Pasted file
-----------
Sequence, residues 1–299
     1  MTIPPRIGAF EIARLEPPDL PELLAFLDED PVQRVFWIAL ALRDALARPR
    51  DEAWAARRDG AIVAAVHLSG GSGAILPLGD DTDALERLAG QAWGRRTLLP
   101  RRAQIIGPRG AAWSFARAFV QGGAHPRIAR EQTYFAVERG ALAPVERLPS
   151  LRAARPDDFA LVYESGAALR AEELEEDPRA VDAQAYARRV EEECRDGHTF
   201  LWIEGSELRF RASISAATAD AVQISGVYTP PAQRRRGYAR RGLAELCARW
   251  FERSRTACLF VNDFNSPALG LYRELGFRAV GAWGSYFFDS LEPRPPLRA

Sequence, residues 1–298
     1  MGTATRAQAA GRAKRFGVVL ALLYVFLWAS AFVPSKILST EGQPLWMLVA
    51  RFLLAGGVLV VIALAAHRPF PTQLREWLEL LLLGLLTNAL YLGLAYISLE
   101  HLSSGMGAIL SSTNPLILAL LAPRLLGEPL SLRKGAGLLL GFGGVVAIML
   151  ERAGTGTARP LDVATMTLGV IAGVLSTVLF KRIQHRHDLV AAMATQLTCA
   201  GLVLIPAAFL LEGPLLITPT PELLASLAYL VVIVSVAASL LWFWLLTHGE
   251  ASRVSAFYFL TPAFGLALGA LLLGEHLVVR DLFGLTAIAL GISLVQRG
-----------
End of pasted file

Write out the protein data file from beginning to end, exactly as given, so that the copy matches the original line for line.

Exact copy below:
Sequence, residues 1–299
     1  MTIPPRIGAF EIARLEPPDL PELLAFLDED PVQRVFWIAL ALRDALARPR
    51  DEAWAARRDG AIVAAVHLSG GSGAILPLGD DTDALERLAG QAWGRRTLLP
   101  RRAQIIGPRG AAWSFARAFV QGGAHPRIAR EQTYFAVERG ALAPVERLPS
   151  LRAARPDDFA LVYESGAALR AEELEEDPRA VDAQAYARRV EEECRDGHTF
   201  LWIEGSELRF RASISAATAD AVQISGVYTP PAQRRRGYAR RGLAELCARW
   251  FERSRTACLF VNDFNSPALG LYRELGFRAV GAWGSYFFDS LEPRPPLRA

Sequence, residues 1–298
     1  MGTATRAQAA GRAKRFGVVL ALLYVFLWAS AFVPSKILST EGQPLWMLVA
    51  RFLLAGGVLV VIALAAHRPF PTQLREWLEL LLLGLLTNAL YLGLAYISLE
   101  HLSSGMGAIL SSTNPLILAL LAPRLLGEPL SLRKGAGLLL GFGGVVAIML
   151  ERAGTGTARP LDVATMTLGV IAGVLSTVLF KRIQHRHDLV AAMATQLTCA
   201  GLVLIPAAFL LEGPLLITPT PELLASLAYL VVIVSVAASL LWFWLLTHGE
   251  ASRVSAFYFL TPAFGLALGA LLLGEHLVVR DLFGLTAIAL GISLVQRG